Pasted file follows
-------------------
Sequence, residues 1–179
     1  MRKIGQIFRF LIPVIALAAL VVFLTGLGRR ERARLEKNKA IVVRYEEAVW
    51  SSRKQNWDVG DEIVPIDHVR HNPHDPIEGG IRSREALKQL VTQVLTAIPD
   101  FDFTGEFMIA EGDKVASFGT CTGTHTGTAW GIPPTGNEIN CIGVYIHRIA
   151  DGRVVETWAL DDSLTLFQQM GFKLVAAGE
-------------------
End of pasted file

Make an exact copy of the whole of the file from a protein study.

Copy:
Sequence, residues 1–179
     1  MRKIGQIFRF LIPVIALAAL VVFLTGLGRR ERARLEKNKA IVVRYEEAVW
    51  SSRKQNWDVG DEIVPIDHVR HNPHDPIEGG IRSREALKQL VTQVLTAIPD
   101  FDFTGEFMIA EGDKVASFGT CTGTHTGTAW GIPPTGNEIN CIGVYIHRIA
   151  DGRVVETWAL DDSLTLFQQM GFKLVAAGE